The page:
Work is well under way on another new addition for the Sweetwater Hospital Association (SHA).
Including the basement, the new 28,000-square-foot addition will consist of four floors.
This latest addition will provide for the expansion of Dr. Ken Kozawa’s clinic, which will be on the first floor. The second floor is designated for new medical/surgical, private patient rooms with private baths. The third floor of the new structure will be a new intensive care unit (ICU) suite that will allow for larger ICU rooms with private baths and room to accommodate patient families. The third floor will also include isolation rooms and a family room for physical consultation a well as space for additional storage.
The basement floor is undesignated space at this time except for mechanical and electrical equipment.
SHA Administrator Scott Bowman and Chief Financial Officer Debbie Thompson, who serves as the project manager for this addition, say completion of this new building will bring its own great benefits. However, it will allow for continued updates and remodeling throughout the hospital that will include new placement for nursing stations.
Nothing happens at SHA by accident. As with all its other new major construction in the last 12 years from the ER in 2007, the new campus centerpiece in 2014 and the new professional building in 2016, the hospital will pay as it goes on the project to stay debt free.
“We have made a lot of unique decisions that have worked at well for us,” Bowman said.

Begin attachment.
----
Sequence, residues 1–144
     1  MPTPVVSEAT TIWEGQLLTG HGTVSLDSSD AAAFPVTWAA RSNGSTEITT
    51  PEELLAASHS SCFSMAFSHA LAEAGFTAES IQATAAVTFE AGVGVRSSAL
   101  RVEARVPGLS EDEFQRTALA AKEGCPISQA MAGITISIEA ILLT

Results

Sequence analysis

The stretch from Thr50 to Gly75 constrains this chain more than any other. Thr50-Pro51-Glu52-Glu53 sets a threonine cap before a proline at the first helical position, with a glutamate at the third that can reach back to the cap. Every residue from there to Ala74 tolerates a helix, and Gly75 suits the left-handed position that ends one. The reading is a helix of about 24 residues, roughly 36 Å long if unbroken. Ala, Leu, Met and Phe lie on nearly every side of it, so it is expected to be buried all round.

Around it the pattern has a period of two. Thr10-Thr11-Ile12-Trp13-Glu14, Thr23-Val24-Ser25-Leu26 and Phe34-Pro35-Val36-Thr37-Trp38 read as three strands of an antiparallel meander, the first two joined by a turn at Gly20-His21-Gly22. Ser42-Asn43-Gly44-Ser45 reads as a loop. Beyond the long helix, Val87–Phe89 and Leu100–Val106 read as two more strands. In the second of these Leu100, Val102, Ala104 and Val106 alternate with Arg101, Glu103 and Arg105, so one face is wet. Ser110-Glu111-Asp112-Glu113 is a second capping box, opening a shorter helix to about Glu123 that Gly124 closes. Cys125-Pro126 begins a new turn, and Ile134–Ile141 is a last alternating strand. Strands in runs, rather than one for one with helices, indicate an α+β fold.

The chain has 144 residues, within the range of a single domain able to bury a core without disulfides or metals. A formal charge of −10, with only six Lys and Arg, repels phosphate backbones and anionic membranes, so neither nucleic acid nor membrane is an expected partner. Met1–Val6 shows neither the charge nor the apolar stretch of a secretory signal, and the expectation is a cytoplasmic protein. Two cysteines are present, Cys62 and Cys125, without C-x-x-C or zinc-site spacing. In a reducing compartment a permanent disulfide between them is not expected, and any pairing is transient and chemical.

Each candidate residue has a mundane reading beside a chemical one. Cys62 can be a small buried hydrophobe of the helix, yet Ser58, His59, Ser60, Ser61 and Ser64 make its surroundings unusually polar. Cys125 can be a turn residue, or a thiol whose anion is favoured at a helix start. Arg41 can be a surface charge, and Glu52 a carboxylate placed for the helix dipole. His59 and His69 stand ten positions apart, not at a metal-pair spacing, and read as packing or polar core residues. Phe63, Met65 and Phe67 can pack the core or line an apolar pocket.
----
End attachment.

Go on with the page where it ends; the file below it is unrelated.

Lewis Group is the architect on the latest project and H-S Whitson Construction Inc. is the contractor. Sweetwater Hospital itself is a licensed contractor and does much of its remodeling work in-house.
The hospital is licensed to use 59 beds but is currently only using 53 beds. Thompson and Bowman said this new building will allow the hospital to go back to having 59 available beds. A major goal of the project is to have all-private rooms, they said.
There is no set date for completion on the project. Bowman and Thompson said the building shell will cost about $7.5 million to build.
The hospital involves its entire staff in the planning of any construction project. The hospital keeps its employees updated on construction progress. The hospital also keeps nearby First Baptists Church updated on the construction ongoing just across the street from the church.
Unlike some businesses during construction, the hospital can’t just shut down certain operations.
“We work around our operations,” Thompson said.
“Our goal is to be the least disruptive as possible to the operation of the hospital,” Bowman said.
With the hospital being so busy, with 400 to 700 patient registrations a day on the entire campus, construction and remodeling will always be a way of life. Plans are in the works to increase the ER’s number of beds from 15 to 19 and SHA in the future will have a new backup electric generation system that will back up all of the hospital’s power during outages, not just the essential electrical functions.
Sweetwater Mayor Doyle Lowe said many people who move to Sweetwater say they move to the area because of the hospital.
Bowman said the hospital employees 500 people and has a $19 million payroll. Bowman said SHA is very proud of its efforts to keep the best and brightest people working at the hospital. A special program that pays for employee’s college education has benefited at least 200 people.
Many colleges and universities send students to train at SHA with at least 14 colleges and universities represented currently at the hospital.